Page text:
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I was making an attempt to solve the following problem sets, however, my answer 15.913 seemed quite different from that in the answer key 16.84. I have checked my answer a few times and re-doing the question as well, but I was consistently pulled back to the same outcome of 15.913. Appreciate some guidance and advice please.

Question

A recent study of home technologies reported the number of hours (to the nearest hour) of personal computer usage per week for a sample of 10 persons. Excluded from the study were people who worked out of their home and used the computer as a part of their work.

8, 5, 6, 8, 6, 1, 5, 6, 9, 4

In a study with sample size of 30 people who worked out of their home and used the computer as a part of their work, the sample mean and standard deviation of the number of hours personal computer usage per week are 42.0 and 6.4, respectively. If we wants to combine the results of these two samples, find the standard deviation of the number of hours personal computer usage per week of in the combined sample.

My Attempt

New Sample

n=10, sample mean = 5.8, Sum(xi) = 58, Sum(xi^2) = 384

Old Sample

n=30, sample mean = 42, s= 6.4, Sum(xi) = (30)(40) = 1260, Sum(xi^2) = (30)(40^2) = 52920

Combined Sample

n=40

sample mean = (1260+58)/40 = 32.95

Sum(xi) = 1260 + 58 = 1318

Sum(xi^2) = 384 + 52920 = 53304

s = SqRt{[53304 - (40)(32.95^2)]/[40-1]} = 15.91314

The answer offered in the answer key 16.84 seemed quite different from my 15.91314. Appreciate any advice if there might be some steps which I may be doing wrongly.

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  • $\begingroup$ The answer key is definitely correct. $\endgroup$ – Glen_b Apr 22 '14 at 12:58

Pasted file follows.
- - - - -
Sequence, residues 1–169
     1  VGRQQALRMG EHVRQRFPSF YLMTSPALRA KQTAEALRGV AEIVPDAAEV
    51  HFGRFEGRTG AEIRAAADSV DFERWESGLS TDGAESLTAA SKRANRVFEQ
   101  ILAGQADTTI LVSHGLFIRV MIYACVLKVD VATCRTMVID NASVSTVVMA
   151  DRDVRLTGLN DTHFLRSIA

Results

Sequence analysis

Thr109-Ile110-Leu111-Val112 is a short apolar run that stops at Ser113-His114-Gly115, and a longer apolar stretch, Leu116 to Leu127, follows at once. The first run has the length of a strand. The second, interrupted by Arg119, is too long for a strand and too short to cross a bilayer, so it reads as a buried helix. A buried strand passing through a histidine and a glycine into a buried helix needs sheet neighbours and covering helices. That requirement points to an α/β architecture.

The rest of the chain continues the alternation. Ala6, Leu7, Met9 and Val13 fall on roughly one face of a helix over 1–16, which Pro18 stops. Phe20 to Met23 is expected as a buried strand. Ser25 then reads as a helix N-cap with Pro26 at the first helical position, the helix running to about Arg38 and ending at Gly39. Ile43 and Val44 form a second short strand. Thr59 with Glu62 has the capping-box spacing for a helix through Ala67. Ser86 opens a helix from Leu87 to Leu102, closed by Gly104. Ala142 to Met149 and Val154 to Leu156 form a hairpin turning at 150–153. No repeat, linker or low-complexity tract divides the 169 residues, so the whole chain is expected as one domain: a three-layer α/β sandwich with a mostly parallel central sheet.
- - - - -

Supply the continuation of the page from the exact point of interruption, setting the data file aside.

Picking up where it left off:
• $\begingroup$ See here and here $\endgroup$ – Glen_b Apr 22 '14 at 13:33
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There is an error in the sum of xi² for the old sample. I think you mix the sum of squares and the square of sum.

Old Sample

n=30, sample mean = 42, s= 6.4, Sum(xi) = (30)( 42 ) = 1260, (Sum(xi) )^2 /30 = (30)(42^2) = 52920

You should try to demonstrate this formula : $$ \sigma^2 = \left[ \frac{n_1}{n} \sigma_1^2 + \frac{n_2}{n} \sigma_2^2 \right] + \left[ \frac{n_1}{n} \bar{x}_1^2 + \frac{n_2}{n} \bar{x}_2^2 - \bar{x}^2 \right] $$ where 1 represent the new sample and 2 the old one

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I believe that your concept is alright. However, you should explore how you obtained the sum of $x_i^2$. Your method of calculation may be incorrect. So I would advise you to explore how you should use standard deviation to obtain the desired result.

$s^2 = \frac{\sum{[x_i- \frac{\sum x_i}{n}}]^2}{n-1} $

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